Stop 5: Christ Church & Fournier Street
Named after Huguenot refugee George Fournier, Fournier Street has some of the most desirable listed residences in London. To acquire a property here will set you back some £2 million and famous artists such as Tracy Emin and Gilbert & George live here. These particular houses have now-very-desirable original features. Ironically these have been preserved by waves of immigrants because they were too poor to change them.
Looking down Fournier Street we are treated to a vision of what 1700s Spitalfields might have been like. These elegant townhouses were once home to a sizeable Huguenot community. There was already a substantial French Protestant settlement in London at the beginning of the 1600s but the Dragonnades, (forced conversions to Catholicism) which began in France in 1681, brought nearly 40,000 Huguenot refugees to London. These French émigrés were divided between Spitalfields here in the east, and Soho to the west and by the eighteenth century were among the largest and most distinctive enclaves in the capital. Both language and fashion set the Huguenots apart and many English gentlemen would venture into the East End simply to marvel at this 'foreign country' within the city. Even the composer Mozart bought a Spitalfields silk waistcoat.
The fortunes of the Huguenots were closely linked to the silk industry. By the 1700s a huge number of workshops and silk ribbon manufactories proliferated here in Spitalfields. The design of the houses on Fournier Street demonstrate the centrality of silk weaving to the lives of these master craftsmen. The second floor of the houses were known as weaver's garrets, they had huge attic windows with tiny attached frames designed to let in maximum light for the weaver to work by.
The era of Huguenot settlement was a period of localised production. Where you produced was as important as what you produced. The Huguenots' proximity to the City and the quality of their work meant Huguenot silk became highly sought after. This allowed the once-refugee community that fled France with nothing but their skills and hope of a better future to prosper. Today the Bank of England, the international textile firm Courtaulds, Dollond & Aitchson the opticians and Rogets Thesaurus are just a few examples of the Huguenot legacy.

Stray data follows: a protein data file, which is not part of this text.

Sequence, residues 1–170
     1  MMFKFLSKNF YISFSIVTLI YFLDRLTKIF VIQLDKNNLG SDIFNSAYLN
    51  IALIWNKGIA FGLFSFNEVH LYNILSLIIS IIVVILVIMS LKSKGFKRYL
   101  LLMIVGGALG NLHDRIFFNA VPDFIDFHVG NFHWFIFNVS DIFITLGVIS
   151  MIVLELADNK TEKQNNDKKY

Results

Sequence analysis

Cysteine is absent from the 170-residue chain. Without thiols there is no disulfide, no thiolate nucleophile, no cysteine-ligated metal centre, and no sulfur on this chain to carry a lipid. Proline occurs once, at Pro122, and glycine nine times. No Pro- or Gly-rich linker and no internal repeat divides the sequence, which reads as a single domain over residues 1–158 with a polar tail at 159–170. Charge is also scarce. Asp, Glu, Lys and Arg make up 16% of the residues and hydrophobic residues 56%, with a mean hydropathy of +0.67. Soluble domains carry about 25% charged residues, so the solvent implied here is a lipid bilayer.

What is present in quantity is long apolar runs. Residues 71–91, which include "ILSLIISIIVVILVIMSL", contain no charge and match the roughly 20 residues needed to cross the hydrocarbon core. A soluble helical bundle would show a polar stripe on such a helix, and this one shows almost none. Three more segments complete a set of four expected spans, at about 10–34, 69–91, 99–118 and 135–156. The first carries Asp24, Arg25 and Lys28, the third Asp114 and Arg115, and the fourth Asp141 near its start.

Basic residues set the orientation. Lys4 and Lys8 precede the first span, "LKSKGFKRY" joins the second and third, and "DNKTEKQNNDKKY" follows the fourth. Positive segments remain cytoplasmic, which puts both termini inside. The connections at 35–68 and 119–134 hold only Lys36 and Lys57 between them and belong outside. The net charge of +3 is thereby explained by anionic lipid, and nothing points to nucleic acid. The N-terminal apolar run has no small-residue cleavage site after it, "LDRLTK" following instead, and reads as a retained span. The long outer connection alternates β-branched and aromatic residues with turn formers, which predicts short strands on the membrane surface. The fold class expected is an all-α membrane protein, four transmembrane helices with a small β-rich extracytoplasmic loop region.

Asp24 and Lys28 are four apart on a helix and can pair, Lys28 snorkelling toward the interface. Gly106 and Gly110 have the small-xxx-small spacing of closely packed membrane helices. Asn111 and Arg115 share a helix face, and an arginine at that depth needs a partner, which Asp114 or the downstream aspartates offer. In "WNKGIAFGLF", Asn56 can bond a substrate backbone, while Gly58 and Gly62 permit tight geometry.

By the mid-nineteenth century, London was the epicenter of the Industrial Revolution and with the development of the docks; it had access to a vast Empire overseas. This had a debilitating effect on the Spitalfields silk trade, since it was now possible to acquire significantly cheaper material imported from India and China. So the Huguenots moved on.
More broadly, the fate of the silk weavers reflected the wider development of a national economy. It is no coincidence that the term 'nationalism' was first coined in the 1840s, a time when London became the largest city in the world. A growing industrial class sought to destroy the regional divisions and parochialism they saw as barriers to development and establish a unified national economy, through a nation state under which economic growth might thrive. Nationalism in its early form was a rallying cry for a progressive industrial class but was soon to become a sentiment mobilized to defeat its opponents at home and abroad.
On the south side of the street is the imposing Christ Church, built in 1729 by the renowned architect Sir Thomas Hawksmoor. It was erected as part of a government bill to build fifty new Churches in London in order to promote conformity to the Church of England. The bill was passed at a time when London was a rapidly expanding city accommodating growing non-conformist and immigrant communities, like the French Huguenots. Spitalfields was an ideal location for such a church, given its widespread reputation as a den of immorality requiring correction. Unsurprisingly, a new church did not persuade the local populace to conform and we will see a much more successful religious building at our next stop.